Abstract: We analyze a labor search model in which workers choose their search intensity by deciding how often and where to apply for jobs. They observe firms’ wage postings prior to their decision. Due to coordination frictions a firm may not receive any applications; otherwise it is able to hire unless all its applicants have better offers. We show that in equilibrium the entry of firms, the search intensity and the number of filled vacancies are constrained efficient. Wage dispersion creates an (endogenous) safety net against unemployment that is essential for efficiency. As application costs vanish the equilibrium becomes unconstrained efficient.
    Keywords: simultaneous search, directed search, efficient wage dispersion, modified Hosios condition, search with stable matchings
    JEL: J64 C78 D85
    Date: 2008–01–03
  8. By: Berliant, Marcus; Watanabe, Hiroki
    Abstract: The methodology used by theories to explain the size distribution of cities takes an empirical fact and works backward to first obtain a reduced form of a model, then pushes this reduced form back to assumptions on primitives. The induced assumptions on consumer behavior, particularly about their inability to insure against the city-level productivity shocks in the model, are untenable. With either self insurance or insurance markets, and either an arbitrarily small cost of moving or the assumption that consumers do not perfectly observe the shocks to firms' technologies, the agents will never move. Even without these frictions, our analysis yields another equilibrium with insurance where consumers never move. Thus, insurance is a substitute for movement. Even aggregate shocks are insufficent to generate consumer movement, since consumers can borrow and save. We propose an alternative class of models, involving extreme risk against which consumers will not insure. Instead, they will move.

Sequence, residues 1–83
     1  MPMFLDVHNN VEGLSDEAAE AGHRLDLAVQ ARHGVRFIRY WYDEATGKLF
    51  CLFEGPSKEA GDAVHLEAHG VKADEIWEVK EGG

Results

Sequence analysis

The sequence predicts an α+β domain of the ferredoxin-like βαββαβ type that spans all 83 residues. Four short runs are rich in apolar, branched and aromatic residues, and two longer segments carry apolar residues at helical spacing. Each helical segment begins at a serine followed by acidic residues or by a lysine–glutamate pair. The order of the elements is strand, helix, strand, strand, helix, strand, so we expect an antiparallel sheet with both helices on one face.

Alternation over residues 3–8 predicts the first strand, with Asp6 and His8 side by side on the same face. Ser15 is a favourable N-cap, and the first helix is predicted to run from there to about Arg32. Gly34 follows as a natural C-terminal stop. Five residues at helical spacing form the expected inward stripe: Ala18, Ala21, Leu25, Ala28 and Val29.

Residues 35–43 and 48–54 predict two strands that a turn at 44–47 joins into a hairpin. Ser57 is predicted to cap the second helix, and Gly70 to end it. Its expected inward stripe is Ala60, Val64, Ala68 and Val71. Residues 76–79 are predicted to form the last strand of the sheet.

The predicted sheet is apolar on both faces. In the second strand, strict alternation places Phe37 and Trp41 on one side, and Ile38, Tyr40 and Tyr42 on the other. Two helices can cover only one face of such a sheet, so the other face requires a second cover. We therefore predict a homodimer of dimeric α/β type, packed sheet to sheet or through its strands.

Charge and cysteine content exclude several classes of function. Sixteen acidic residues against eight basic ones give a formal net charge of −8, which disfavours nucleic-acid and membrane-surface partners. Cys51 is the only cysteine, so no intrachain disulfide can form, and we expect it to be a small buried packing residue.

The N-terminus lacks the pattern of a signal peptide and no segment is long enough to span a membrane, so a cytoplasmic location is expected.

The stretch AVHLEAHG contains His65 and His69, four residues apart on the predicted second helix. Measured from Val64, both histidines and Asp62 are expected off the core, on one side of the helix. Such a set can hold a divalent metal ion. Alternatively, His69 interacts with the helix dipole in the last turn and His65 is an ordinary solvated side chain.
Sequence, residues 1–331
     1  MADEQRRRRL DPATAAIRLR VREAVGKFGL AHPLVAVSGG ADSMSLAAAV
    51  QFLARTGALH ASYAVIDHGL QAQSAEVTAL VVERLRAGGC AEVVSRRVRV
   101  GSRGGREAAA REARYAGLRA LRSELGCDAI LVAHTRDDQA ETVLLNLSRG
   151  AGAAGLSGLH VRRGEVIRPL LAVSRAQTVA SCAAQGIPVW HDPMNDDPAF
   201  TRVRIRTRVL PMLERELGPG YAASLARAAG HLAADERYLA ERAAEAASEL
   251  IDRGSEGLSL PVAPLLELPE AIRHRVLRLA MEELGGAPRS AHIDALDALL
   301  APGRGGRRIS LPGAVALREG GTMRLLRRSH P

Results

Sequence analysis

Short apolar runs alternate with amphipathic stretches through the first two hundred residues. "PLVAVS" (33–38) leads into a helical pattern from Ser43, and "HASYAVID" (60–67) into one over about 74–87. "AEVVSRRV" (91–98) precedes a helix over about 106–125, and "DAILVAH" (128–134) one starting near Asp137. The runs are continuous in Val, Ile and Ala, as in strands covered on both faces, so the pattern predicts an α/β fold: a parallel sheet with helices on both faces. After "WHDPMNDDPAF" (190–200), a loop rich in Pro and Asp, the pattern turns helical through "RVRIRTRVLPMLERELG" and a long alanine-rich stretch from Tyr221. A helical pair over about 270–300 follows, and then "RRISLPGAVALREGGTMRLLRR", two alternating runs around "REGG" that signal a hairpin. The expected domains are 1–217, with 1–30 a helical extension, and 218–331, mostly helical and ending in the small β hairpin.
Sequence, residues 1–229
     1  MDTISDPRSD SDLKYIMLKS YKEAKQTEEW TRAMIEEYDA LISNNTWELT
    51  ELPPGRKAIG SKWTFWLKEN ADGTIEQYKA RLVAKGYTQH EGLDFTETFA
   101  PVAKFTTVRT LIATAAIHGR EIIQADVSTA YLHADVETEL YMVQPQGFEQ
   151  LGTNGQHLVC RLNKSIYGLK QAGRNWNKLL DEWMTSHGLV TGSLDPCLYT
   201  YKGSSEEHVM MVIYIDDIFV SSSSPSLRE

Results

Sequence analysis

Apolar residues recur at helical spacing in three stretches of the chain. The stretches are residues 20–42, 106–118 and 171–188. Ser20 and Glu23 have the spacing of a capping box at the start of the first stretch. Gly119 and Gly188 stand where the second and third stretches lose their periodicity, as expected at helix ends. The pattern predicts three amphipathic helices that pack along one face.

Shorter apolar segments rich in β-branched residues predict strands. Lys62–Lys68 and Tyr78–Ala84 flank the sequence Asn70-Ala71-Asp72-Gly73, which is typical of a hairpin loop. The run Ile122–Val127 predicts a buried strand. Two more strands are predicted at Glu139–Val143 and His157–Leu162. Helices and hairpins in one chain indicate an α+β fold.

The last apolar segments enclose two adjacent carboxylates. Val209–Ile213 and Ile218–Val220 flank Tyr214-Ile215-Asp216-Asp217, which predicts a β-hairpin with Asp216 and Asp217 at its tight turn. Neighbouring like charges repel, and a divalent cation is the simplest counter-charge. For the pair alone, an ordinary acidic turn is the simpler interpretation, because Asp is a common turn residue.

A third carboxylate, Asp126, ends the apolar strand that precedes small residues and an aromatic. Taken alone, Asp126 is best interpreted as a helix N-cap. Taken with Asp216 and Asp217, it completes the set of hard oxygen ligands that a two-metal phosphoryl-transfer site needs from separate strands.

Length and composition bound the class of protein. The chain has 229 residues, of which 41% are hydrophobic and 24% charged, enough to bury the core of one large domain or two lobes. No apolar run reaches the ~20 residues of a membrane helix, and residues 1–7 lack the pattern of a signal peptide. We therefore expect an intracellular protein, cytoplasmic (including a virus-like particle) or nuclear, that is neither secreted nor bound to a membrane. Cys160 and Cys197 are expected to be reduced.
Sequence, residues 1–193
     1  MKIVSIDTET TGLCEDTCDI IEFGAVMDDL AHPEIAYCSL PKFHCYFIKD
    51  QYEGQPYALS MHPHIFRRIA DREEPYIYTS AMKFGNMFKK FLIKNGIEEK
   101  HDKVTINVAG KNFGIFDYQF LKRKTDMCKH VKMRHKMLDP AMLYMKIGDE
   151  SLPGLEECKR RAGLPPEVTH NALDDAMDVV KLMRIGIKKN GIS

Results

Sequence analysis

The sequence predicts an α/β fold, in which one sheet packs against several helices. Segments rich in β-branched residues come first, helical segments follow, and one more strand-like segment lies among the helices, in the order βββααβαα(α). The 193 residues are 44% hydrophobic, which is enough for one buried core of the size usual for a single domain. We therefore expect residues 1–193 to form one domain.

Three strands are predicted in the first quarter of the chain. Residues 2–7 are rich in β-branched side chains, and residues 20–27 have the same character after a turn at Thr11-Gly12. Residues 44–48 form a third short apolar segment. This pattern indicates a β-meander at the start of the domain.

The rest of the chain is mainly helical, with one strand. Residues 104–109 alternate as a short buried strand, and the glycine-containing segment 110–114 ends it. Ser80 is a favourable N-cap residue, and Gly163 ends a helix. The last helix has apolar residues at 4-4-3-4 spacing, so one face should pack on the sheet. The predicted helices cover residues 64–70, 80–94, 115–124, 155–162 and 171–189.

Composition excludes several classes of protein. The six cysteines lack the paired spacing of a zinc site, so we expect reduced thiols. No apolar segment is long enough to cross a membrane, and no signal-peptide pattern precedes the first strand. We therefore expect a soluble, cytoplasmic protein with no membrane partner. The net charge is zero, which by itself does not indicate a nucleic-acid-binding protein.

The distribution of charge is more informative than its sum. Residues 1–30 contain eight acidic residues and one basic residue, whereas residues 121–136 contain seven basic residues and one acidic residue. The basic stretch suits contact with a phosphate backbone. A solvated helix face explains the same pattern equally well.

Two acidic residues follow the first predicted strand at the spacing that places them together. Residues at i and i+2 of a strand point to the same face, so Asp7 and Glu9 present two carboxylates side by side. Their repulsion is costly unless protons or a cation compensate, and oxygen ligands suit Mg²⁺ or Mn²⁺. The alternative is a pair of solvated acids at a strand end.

Keywords: Zipf's Law; Gibrat's Law; Size Distribution of Cities; Extreme Value Theory
    JEL: R12
    Date: 2008–02–09
  9. By: Elena Andreou; Alessandra Pelloni; Marianne Sensier
    Abstract: We provide empirical support for a DSGE model with nominal wage stickiness where growth is driven by learning-by-doing and money shocks and their variance are allowed to impact on long-run output growth. In our theoretical model the variance of monetary shocks has a negative effect on growth, while output volatility is good for growth as a positive relationship exists. Utilising a bivariate GARCH-M model we test the empirical conditional mean and variance relationships of nominal money and production growth rates in the G7 countries. We corroborate the theoretical model predictions with evidence from Bonferroni multiple tests across the G7.
    Date: 2008
  10. By: Guillaume Rocheteau; Murat Tasci
    Abstract: We review the positive and normative effects of a minimum wage in various versions of a search-theoretic model of the labor market.
    Keywords: Minimum wage ; Labor market
    Date: 2008
  11. By: Schied, Alexander; Schoeneborn, Torsten